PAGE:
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Unread 06-08-2007, 04:02 PM
 
Location: Fort Worth/Dallas
11,886 posts, read 23,469,111 times
Reputation: 5325
I'm sure you'll love it in Oklahoma; you have a super attitude and it sounds like your husband does as well. I'll bet you really enjoy that week in a cabin. Whereabouts is the cabin located? If it's in Broken Bow or somewhere in the Ouachita Mountains you'll love it..
Best of luck to you and your husband!
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Unread 06-11-2007, 09:23 AM
 
Location: Wind comes sweeping down the...
1,591 posts, read 4,243,674 times
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Default Just helping

Quote:
Originally Posted by Synopsis View Post
It sounds like you would be wanting to live within 30-45 minutes away from Tulsa or OkC. First, it depends on the type of topography you like. Coming from the Northeast, the topography of Tulsa will be more familiar to you; Tulsa is in the hills of NE Oklahoma, while OkC is more open plains. Both cities have beautiful areas that would appeal to anyone, however.

Once you've chosen the metropolitan area that better suits you, then one of the surrounding cities of both metropolitan areas sounds like what you are looking for.

For OkC, the following cities are within 45 minutes and nice places to live what I understand:
Guthrie
Shawnee
Norman

Suburbs
Edmond
Moore
Nichols Hills


For cities outside of Tulsa:
Claremore
Coweta
Pryor
Sapulpa

Suburbs of Tulsa:
Owasso
Broken Arrow
Sand Springs
Jenks
Bixby

Your best bet would be to read through a bunch of these threads, google the cities on the internet; not only looking at website, but also images of the cites. City Data's main website is very good for that as it provides all kinds of demographics, pictures, and so on. Once you've narrowed your search down, travel out to those areas that you seem to prefer, then take a week or so and spend a few days driving around, looking at neighborhoods, and so on.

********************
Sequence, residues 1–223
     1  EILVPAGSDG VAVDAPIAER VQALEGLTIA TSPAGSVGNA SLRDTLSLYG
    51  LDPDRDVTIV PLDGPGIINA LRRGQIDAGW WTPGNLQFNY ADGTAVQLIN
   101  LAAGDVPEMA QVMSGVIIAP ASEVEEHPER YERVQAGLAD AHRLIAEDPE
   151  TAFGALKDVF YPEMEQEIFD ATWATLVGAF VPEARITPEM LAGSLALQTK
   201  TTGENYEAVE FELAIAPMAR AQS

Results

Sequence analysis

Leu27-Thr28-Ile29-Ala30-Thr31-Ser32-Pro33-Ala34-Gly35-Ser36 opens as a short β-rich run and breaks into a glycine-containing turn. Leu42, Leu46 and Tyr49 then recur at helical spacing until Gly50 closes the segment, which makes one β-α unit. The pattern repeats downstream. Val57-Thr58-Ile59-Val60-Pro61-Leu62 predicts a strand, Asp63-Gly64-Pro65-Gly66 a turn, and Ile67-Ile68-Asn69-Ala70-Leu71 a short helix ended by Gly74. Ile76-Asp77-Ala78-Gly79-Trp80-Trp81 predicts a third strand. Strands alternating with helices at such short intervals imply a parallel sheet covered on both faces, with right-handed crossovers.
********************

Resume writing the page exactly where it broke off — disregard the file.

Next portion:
I like Tulsa, but others prefer OkC. Each city is unique in what it offers for its residents. I wish you the best of luck and hope you find the place of your dreams. I think you'll love Oklahoma and its people. They are very welcoming to outsiders and your politics will not be an issue at all.

BTW, I'm from Oklahoma but have lived all over so I'm well aware of differences in geographical areas. Having been all over the world, I prefer Oklahoma over just about anywhere else; mainly because of the people - they are very decent, hard-working people that seem to understand what life is all about.

Since Synopsis is a little confused about the OKC metro and the city itself (no offense Synopsis) I thought I would give stats from the Wikipedia.

Suburbs of OKC-

North-
Edmond- 15 mins
Guthrie- 30 mins

N.East-
Jones
Chandler

N.West-
Piedmont
Okarche
Kingfisher

South-
Valley Brook
Moore
Norman- 15 mins
Noble
Purcell
Lexington
Slaugterville
Goldsby
Washington

S.East-
Shawnee
Bethel Acres
Tecumseh
McLoud
Pink

Inner- Suburbs or really just cities that OKC proper surrounds
Nichols Hills- 3-5 mins
Warr Acres- 7 mins
Bethany- 6 mins
The Village- 5 mins
The minutes are calculated by distance from Downtown OKC to other city. It depends if you use the streets or the huge highway system that loops aroud the city so the mins could be slightly off- but not much.

On another note- just for clarification. OKC density is misleading(Wikipedia gives the reason for this).

Urban land is 244 sq. miles making the density at 2,515 per square mile. Tulsa has a density of 2,152. Making OKC more cosmo compared to Tulsa. Most of the land that OKC has is farm land or land that is not developed at all and is North of the city. This will be great for the future of the city when it can develop the land- another 350 sq miles.